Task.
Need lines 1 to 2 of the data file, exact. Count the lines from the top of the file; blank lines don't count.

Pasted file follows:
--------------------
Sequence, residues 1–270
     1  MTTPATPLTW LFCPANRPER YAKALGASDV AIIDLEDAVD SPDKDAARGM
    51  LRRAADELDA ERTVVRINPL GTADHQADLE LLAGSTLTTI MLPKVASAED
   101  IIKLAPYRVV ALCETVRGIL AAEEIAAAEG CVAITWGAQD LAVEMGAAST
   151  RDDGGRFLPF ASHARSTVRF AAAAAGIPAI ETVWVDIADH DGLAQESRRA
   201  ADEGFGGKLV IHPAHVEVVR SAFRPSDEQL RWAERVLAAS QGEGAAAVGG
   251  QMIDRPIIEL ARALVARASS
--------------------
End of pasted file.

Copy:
Sequence, residues 1–270
     1  MTTPATPLTW LFCPANRPER YAKALGASDV AIIDLEDAVD SPDKDAARGM